Ryan Braun’s locker was still empty Wednesday afternoon.
A green parking pass sat on the chair. A pristine No. 8 jersey waited for its owner. A question mark would have been the most appropriate caption.
The first workout for Milwaukee Brewers position players is scheduled for Saturday. Between now and then, Braun will report to camp and (most likely) learn whether he must serve a 50-game suspension for a positive drug test.
Last year, the Brewers were freewheeling champions of the National League Central. Now they’re preparing for Camp Uncertainty — and Braun’s appeal is only part of the story.
Whenever Braun walks through the clubhouse door, Prince Fielder won’t be behind him. That means the Brewers have a new identity, suspension or no suspension.
The Braun of 2012 won’t be the Braun of 2011, because Fielder is no longer here to protect him. A repeat of Braun’s MVP performance looked unlikely even before ESPN reported that he tested positive for a banned substance. Consequently, it would be a shock if the Brewers equaled last season’s 96 wins.
The Brewers are lucky to be in a division that lacks a clear front-runner. They will need time to adapt to life without Fielder. Manager Ron Roenicke must find a new way to score — and win.
“Most likely,” affirmed outfielder Nyjer Morgan, who must improve his walk and stolen base totals. “We lost quite a bit of power in the middle.”
“Well, we haven’t lost it yet,” Morgan continued, nodding toward Braun’s unclaimed jersey. “But we’ll find out.”
Once they do, Braun’s clubhouse demeanor will be a tone-setter for the team. Will his standing as a leader be diminished by the taint of PEDs (which will linger even if he’s exonerated)? Or will he continue — and augment — his profile as the face of the franchise, now that Fielder is gone?
“Can’t speculate,” Morgan said. “I’m still in his corner. I’ve got his back regardless. I’m not just a teammate. I’m also a friend. I support the guy. I hope the (decision) comes out so people can stop talking about it and we can turn the page.
“I can’t speak for everybody else, but he’s still a good friend. He’s still a hard worker. I saw everything he did last year. He was hard-working in the gym. It’s one of those things that’s unfortunate. I’ll always support the guy.
“He’s still a heckuva ballplayer. You still gotta hit that ball. I’ll leave it at that.”
Morgan said he’s been in contact with Braun. So has All-Star second baseman Rickie Weeks, who arrived at camp Wednesday. Regardless of the arbitrator’s decision, veterans like Morgan, 31, and Weeks, 29, must help the team through what could be an awkward spring.
There’s no telling when — or if — last year’s carefree, Delta-house vibe will return.
“I think we set the tone in this clubhouse a long time ago, before this even happened,” Weeks said. “Things happen. Guys get hurt. People go down. You have to man up and go out there like it’s your last game and play hard. That’s what we do here.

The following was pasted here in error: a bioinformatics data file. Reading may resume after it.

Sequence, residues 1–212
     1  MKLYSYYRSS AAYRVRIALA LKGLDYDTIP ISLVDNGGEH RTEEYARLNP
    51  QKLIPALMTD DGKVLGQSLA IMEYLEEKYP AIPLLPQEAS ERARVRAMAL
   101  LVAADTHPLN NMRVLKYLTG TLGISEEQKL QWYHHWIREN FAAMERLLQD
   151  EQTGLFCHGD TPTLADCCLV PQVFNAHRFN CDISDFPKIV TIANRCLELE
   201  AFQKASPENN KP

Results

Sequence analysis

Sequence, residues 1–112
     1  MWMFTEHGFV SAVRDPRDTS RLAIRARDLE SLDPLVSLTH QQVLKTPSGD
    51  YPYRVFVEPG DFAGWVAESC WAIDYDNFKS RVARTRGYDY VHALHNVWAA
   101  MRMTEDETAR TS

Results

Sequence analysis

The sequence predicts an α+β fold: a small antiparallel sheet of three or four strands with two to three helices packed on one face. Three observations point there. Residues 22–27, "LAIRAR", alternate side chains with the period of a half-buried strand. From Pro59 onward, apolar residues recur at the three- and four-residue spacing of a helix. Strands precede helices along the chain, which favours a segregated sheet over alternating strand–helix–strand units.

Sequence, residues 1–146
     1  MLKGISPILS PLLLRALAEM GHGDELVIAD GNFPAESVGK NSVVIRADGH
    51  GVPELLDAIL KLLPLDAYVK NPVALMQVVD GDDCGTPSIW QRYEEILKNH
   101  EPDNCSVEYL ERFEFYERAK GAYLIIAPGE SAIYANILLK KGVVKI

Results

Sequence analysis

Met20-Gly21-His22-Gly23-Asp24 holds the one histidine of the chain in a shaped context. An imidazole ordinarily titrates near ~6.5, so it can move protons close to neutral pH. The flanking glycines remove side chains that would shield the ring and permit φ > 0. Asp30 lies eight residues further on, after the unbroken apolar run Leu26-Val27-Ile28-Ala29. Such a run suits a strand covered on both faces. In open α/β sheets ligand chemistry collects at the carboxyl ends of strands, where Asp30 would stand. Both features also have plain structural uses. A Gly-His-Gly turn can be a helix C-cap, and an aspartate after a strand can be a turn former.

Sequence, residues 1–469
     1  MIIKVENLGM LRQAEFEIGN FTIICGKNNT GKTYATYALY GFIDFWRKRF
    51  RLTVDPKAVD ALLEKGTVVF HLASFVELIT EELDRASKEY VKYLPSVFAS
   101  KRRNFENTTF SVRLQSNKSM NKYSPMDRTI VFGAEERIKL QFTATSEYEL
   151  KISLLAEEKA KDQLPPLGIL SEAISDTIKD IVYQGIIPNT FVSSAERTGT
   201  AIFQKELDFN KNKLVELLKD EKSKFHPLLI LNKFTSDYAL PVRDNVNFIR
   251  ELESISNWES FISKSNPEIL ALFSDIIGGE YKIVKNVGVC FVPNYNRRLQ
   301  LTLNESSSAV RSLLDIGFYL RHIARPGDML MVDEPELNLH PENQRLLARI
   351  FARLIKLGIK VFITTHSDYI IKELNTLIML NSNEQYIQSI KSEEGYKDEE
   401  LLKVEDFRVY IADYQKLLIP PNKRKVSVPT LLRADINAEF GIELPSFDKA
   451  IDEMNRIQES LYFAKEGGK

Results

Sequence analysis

“It’s up to everybody here, not just me. Of course, I’m going to say some things. Corey Hart is going to say some things. Guys who have been here for a while are going to say things. It’s a part of the team’s attitude. We have been like this for a long time here. There’s no excuses in this clubhouse.”
While there will be intense scrutiny on Braun, Aramis Ramirez (Fielder’s replacement in the lineup) and Mat Gamel (Fielder’s replacement at first base), Weeks might be the Brewers’ most indispensable player.
Weeks missed 39 games during the second half with a severely sprained left ankle and played hurt during the playoffs. At his best, he’s a speed-and-power threat who can be the engine for an offense in transition.
“I didn’t run, period, the past couple seasons,” said Weeks, who stole fewer bases over the last three years (22) than in 2007 alone (25). “I think I’ll pick that up this year. It’s one of those things where I didn’t need to run too much because we were hitting homers all over the place. I think we’re going to have to score runs differently now.”
One important factor in the Brewers’ favor: The team’s 3.78 ERA was the best in the division last year. Roenicke used only six starting pitchers last year, a reflection of good health, good performance and good fortune. And every member of the group — Zack Greinke, Yovani Gallardo, Shaun Marcum, Randy Wolf, Chris Narveson, Marco Estrada — is back.
“Of all the years I’ve been here, last year was the first time we had actually a good starting five — and you can throw Marco Estrada in there to make it a top six,” Weeks said. “To have those guys come back, and the back of the bullpen come back, you can’t ask for much more than that.”
Well, they could ask for a distraction-free season. But they aren’t going to get it.